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International News Archive
September 20 - September 26, 1999

 

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This page contains news for the period Monday, September 20, 1999 through Sunday, September 26, 1999.

 

 

 

<<   September 1999  >>

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Thursday, September 23, 1999

United Kingdom Lawyer Group Strongly Supports Domestic Partnership

According to a story published today by Planet Out, Britain's Law Society has overwhelmingly approved a proposal for legal recognition of unmarried couples, treating heterosexual and same-gender couples equally. The endorsement came from the 70,000-member professional organization of British and Welsh solicitors.

The proposal will be forwarded to the government's Law Commission, which has already been reviewing property rights of unmarried couples and is expected to publish its own paper shortly. The Law Society's recommendations state that, "Cohabitation and marriage are very different things," but they are intended to recognize that about one-fourth of Britain's unmarried adults under age 50 now live in domestic partnerships.

The Law Society proposes that a couple should be together for some period of time, for example two or three years, before gaining legal standing. It also proposes making cohabitation contracts legally enforceable. Most of the proposals have to do with property rights, but it's also recommended that a child be able to inherit British nationality from either of its parents even if they are unmarried.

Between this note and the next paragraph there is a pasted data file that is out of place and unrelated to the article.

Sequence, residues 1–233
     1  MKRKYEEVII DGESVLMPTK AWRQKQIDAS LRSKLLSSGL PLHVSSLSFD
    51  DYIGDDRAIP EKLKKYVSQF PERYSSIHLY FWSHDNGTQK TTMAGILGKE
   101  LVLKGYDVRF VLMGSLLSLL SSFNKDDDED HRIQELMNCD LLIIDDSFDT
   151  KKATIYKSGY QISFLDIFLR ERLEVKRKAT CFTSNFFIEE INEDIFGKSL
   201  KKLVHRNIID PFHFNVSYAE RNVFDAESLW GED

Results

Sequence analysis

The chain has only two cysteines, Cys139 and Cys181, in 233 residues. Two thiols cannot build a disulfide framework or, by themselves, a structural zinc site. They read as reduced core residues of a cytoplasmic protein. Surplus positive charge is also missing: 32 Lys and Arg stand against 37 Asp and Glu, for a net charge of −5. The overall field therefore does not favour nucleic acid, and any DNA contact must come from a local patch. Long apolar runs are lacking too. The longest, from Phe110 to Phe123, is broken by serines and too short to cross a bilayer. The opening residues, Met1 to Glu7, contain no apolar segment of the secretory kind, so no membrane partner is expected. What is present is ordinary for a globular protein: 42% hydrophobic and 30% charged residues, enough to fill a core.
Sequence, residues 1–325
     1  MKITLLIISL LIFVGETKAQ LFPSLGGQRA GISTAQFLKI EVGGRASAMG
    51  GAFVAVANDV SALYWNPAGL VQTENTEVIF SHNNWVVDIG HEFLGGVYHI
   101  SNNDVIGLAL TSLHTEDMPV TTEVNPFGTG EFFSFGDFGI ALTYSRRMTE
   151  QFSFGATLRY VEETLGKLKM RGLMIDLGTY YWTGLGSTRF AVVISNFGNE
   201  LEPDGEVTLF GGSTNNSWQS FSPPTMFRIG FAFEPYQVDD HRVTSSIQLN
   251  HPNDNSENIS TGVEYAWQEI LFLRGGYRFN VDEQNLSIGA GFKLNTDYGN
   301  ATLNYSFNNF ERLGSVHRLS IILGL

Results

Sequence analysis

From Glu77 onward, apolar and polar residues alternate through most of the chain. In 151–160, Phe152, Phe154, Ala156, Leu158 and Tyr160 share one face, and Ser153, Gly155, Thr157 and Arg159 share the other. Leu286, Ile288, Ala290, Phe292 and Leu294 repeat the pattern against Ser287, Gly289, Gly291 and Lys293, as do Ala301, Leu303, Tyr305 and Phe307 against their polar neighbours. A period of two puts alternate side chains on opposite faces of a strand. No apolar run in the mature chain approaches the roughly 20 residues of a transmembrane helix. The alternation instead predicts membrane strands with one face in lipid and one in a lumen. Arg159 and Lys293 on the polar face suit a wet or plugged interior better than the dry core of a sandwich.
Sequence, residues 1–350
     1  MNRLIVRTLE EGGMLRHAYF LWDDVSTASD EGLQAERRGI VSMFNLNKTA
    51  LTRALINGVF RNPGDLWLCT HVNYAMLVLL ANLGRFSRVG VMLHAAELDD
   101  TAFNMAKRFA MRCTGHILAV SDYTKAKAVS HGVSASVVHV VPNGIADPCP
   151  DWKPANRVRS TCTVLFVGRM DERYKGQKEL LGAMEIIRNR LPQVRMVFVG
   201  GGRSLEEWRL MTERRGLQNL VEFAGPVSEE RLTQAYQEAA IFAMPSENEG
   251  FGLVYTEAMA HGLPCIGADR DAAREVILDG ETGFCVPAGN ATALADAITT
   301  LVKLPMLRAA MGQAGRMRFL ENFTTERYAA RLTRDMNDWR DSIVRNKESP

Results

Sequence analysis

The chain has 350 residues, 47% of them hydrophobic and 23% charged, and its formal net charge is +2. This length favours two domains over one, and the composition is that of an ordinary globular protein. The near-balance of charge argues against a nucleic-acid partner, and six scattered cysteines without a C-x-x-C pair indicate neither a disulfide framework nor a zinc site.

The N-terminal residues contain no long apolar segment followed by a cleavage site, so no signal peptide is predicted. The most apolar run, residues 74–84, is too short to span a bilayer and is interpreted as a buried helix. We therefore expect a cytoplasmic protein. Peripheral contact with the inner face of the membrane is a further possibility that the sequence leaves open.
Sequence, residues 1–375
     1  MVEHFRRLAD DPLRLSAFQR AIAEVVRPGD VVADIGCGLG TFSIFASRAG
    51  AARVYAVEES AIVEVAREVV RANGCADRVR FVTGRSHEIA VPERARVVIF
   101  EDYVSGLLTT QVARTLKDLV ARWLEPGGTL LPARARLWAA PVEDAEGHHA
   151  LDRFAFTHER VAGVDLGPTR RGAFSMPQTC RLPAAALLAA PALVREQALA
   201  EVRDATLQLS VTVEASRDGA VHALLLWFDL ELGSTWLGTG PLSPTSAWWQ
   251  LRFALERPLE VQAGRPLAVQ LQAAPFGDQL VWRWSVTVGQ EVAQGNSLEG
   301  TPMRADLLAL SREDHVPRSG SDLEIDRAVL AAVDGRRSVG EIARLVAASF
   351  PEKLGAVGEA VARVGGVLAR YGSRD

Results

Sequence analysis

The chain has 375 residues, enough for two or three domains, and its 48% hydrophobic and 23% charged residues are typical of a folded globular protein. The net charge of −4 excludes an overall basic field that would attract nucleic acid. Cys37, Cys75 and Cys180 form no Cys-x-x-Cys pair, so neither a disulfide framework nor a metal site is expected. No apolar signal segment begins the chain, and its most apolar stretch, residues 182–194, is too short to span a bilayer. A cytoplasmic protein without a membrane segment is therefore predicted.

Under current law, domestic partners have no entitlement in event of dissolution except to whatever property each may have brought into the relationship. It's proposed that they should be able to apply for a lump sum or for support payments ending after a prescribed period of time. Also if one partner dies without a will, the other could apply for support. In addition, partners would have pension rights. They would also be allowed either to take out an insurance policy on the partner's life or, to benefit the partner, on their own lives.

Survey: Which Teens Have The Most Sex?

According to a Reuters wire story published in Simpatico Express today, an international survey of teenagers revealed that British youth are the most sexually active in the world, while young adults in Singapore had the least sex in a year. The survey on 16-21 year olds in 15 countries was conducted by a top British condom manufacturer.